More Republican Governors Push for Education Overhaul

By: - October 11, 2011 12:00 am

Pennsylvania Governor Tom Corbett is expected to announce his education reform policy today at a charter school in York, making him the latest Republican governor to push for major education changes in his state. Main flanks of the policy are expected to include more school choice, linking student performance to teacher evaluations and expanding a tax-credit program that encourages businesses to fund scholarships for private schools, according to The Associated Press. 

The governor has indicated that school reforms are his second highest priority , after imposing an impact fee on the state’s natural gas drillers. Corbett’s plan would include publicly-supported vouchers for students who attend private schools and changes to the state’s charter school laws to encourage the expansion of those schools. 

Lawmakers on both sides of the aisle are opposed to some of Corbett’s suggested changes,  The (Harrisburg) Patriot-News reports. The plan could wind up costing the state hundreds of millions of dollars, if not more, and teachers’ unions have said that restoring the state’s major cuts to education last year should be the top legislative priority. The governor hopes to pass many of the changes in the fall so that they can be in place for the start of school next year.

A week ago, Iowa Governor Terry Branstad laid out his plan for an education overhaul , which includes a four-tiered teacher payment and promotion system and “value-added” teacher evaluations, which take into account student performance and other factors, the Sioux City Journal reports.The plan would also provide financial support to schools implementing innovative programs and impose more exams on both high school students and elementary school students in order for them to advance.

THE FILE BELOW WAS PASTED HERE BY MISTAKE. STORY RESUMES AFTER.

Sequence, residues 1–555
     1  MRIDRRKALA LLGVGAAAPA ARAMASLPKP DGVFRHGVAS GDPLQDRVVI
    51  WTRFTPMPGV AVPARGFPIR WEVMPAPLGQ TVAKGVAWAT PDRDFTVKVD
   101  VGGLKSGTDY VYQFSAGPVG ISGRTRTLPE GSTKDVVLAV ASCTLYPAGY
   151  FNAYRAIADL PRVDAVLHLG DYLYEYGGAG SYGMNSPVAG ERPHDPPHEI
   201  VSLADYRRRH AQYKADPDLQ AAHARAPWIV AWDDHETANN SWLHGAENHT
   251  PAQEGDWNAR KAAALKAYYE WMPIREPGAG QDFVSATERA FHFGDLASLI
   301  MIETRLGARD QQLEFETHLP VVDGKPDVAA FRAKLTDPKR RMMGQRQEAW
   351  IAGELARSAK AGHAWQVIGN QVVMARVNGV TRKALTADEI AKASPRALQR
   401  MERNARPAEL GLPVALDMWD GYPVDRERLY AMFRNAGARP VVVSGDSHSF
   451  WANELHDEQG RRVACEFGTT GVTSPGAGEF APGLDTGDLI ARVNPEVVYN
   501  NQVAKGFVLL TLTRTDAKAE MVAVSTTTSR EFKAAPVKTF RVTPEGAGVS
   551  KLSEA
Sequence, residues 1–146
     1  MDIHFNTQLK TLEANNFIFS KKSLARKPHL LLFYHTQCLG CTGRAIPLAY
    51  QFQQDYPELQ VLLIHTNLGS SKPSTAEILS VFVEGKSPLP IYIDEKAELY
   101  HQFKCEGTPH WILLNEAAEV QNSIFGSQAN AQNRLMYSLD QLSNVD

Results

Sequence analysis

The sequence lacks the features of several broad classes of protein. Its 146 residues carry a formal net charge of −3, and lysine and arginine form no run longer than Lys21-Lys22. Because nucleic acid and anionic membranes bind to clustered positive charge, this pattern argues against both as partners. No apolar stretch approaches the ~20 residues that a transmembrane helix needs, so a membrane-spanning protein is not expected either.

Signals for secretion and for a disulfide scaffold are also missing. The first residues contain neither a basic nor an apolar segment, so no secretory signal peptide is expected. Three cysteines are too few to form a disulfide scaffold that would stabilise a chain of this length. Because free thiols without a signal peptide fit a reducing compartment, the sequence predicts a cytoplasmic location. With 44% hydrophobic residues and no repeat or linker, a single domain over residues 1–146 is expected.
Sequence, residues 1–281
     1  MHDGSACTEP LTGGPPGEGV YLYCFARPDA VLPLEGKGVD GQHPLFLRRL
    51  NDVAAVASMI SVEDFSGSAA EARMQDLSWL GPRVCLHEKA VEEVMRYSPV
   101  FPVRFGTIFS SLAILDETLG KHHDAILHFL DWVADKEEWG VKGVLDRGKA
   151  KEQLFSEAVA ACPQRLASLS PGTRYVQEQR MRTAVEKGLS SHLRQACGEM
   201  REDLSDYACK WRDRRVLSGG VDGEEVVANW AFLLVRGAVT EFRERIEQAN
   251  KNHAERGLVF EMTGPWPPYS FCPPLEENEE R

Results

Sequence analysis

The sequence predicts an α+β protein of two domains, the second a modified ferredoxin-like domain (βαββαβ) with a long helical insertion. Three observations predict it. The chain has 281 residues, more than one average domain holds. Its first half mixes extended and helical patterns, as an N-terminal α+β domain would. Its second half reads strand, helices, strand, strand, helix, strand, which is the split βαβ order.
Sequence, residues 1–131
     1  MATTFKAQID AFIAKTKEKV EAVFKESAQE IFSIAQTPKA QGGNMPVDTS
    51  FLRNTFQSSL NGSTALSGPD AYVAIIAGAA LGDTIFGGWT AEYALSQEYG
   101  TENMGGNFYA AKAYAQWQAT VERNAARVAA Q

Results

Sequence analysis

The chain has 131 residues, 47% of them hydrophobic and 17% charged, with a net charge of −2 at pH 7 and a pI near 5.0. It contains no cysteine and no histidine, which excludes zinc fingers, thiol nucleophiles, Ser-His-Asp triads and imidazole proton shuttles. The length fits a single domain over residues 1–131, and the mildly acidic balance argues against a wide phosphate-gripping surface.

At three town hall meetings last week, some audience members raised concerns about the tiered system  – in which the lowest level, “apprentice” teachers would be considered at-will employees for three to five years before becoming “career” teachers. Higher level “mentor” and “master” teachers would spend as much as half of their time developing curriculum and working with junior teachers. A teachers’ union representative questioned the wisdom of pulling the most experienced teachers out of the classroom for such significant chunks of time, arguing that it made more sense for junior teachers to spend more time out of the classroom getting extra training, rather than the other way around, according to The Des Moines Register .

Corbett and Branstad join a large number of Republican governors, in states such as Idaho, Florida, Nevada and Maine , among others, that have pushed education changes in the past year. Those moves have not come without controversy. In Indiana, the state’s expansion of voucher programs and charter schools, as well as adoption of performance pay, damaged relations between state leaders and teachers. Speaking in Bloomington, Indiana, the state’s superintendent of public instruction, Tony Bennett, said he has fences to mend with teachers who feel as though they have been lumped in with “chronic underperformers.”

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